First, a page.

Sparsity and density are terms used to describe the percentage of cells in a database table that are not populated and populated, respectively. The sum of the sparsity and density should equal 100%.
A table that is 10% dense has 10% of its cells populated with non-zero values. It is therefore 90% sparse – meaning that 90% of its cells are either not filled with data or are zeros.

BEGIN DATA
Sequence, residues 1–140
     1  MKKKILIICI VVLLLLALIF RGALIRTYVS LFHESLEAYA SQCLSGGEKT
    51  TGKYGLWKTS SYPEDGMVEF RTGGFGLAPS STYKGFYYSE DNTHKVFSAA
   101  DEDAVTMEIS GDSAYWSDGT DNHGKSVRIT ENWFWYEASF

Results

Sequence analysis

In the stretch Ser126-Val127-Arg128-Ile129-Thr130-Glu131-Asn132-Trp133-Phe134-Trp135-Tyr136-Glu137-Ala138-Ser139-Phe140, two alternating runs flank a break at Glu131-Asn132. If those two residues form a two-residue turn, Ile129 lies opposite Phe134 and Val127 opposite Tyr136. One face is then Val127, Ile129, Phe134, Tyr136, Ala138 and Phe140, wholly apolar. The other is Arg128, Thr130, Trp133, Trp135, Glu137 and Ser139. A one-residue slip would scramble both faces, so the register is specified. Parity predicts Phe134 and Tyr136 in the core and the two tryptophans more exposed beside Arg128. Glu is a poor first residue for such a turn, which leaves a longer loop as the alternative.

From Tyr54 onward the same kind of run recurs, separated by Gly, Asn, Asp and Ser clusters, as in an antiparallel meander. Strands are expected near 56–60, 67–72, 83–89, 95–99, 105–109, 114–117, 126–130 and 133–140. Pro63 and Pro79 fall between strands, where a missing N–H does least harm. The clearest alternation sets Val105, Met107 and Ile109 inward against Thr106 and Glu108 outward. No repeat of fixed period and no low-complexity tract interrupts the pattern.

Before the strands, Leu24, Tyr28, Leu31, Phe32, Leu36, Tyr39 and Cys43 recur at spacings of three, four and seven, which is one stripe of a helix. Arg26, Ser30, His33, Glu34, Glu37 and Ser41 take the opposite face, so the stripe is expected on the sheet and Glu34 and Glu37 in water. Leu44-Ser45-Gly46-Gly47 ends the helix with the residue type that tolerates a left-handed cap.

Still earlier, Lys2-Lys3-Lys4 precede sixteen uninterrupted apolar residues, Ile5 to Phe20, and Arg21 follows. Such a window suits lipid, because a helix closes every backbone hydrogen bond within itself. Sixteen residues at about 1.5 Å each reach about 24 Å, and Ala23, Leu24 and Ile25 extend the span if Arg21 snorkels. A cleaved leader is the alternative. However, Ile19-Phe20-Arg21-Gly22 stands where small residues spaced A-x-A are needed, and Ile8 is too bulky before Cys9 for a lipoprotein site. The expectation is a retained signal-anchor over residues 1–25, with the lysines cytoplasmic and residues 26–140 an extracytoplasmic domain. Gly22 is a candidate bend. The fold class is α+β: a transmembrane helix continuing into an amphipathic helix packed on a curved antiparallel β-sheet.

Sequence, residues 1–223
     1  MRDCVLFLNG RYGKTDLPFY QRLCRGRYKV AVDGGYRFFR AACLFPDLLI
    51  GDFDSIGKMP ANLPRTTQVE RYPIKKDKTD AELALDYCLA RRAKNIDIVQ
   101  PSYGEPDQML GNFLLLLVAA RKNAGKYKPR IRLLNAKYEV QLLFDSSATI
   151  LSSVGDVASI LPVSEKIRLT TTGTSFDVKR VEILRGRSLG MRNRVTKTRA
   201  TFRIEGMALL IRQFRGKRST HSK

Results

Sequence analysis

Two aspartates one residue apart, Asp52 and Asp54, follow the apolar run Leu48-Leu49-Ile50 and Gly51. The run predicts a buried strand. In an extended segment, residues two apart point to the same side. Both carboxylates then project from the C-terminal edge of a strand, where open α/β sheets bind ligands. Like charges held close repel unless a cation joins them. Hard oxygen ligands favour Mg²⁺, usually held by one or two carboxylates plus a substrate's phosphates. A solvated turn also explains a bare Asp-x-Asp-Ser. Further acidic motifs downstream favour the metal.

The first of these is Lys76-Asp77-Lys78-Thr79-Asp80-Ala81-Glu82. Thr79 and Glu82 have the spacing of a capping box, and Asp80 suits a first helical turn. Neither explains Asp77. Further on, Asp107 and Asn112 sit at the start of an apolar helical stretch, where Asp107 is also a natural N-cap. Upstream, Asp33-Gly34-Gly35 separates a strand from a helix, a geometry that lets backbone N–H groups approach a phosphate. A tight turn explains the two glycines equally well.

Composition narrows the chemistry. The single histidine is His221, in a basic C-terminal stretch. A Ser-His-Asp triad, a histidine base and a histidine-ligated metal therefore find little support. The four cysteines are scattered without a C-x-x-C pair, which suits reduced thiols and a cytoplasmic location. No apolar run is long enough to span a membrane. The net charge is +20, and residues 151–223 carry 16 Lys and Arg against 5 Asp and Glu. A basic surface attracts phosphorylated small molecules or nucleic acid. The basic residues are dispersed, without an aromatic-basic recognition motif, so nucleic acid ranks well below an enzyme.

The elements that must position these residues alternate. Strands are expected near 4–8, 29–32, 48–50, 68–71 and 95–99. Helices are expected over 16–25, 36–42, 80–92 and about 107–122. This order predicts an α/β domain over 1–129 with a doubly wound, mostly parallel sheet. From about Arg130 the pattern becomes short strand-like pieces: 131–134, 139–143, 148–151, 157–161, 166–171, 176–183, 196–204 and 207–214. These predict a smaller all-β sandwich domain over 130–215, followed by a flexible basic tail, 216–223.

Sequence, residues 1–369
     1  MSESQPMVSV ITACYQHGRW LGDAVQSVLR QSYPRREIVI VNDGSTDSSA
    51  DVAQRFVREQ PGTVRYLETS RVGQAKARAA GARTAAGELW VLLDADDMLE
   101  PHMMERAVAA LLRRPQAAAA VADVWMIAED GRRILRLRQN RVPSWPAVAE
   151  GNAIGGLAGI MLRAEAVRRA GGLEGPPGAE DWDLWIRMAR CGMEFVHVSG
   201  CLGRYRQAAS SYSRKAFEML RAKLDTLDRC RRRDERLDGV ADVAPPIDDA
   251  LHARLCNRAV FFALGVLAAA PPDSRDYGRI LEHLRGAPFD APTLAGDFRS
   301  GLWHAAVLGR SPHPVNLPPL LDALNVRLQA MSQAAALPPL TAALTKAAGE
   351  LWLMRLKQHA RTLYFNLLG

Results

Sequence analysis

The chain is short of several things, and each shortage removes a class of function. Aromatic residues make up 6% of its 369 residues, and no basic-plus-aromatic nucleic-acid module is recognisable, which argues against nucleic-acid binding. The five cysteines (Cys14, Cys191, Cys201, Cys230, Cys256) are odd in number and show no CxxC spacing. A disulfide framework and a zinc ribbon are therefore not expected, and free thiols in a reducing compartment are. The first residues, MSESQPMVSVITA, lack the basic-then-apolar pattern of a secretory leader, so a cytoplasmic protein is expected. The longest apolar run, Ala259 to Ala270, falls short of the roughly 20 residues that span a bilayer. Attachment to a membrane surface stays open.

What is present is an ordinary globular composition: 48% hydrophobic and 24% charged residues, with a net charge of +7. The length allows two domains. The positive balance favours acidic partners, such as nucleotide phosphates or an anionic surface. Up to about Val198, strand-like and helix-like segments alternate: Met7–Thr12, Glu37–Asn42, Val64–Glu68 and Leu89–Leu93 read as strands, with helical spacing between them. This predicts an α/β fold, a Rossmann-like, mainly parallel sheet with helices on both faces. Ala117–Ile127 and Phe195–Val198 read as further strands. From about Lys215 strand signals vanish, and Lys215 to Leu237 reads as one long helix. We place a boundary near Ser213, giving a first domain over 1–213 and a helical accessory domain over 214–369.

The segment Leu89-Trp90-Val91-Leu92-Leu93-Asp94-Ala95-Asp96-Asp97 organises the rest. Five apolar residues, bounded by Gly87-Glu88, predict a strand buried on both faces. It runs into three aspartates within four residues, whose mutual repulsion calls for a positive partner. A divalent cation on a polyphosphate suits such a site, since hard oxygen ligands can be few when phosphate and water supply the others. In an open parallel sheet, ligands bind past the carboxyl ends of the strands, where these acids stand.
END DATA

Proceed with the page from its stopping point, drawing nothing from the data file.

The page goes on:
Because a processor adds up the zeros, sparcity can negatively impact processing time. In a multidimensional database sparsity can be avoided by linking cubes. Instead of creating a sparse cube for data that is not fully available, a separate but linked cube will ensure the data in the cubes remains consistent without slowing down processing.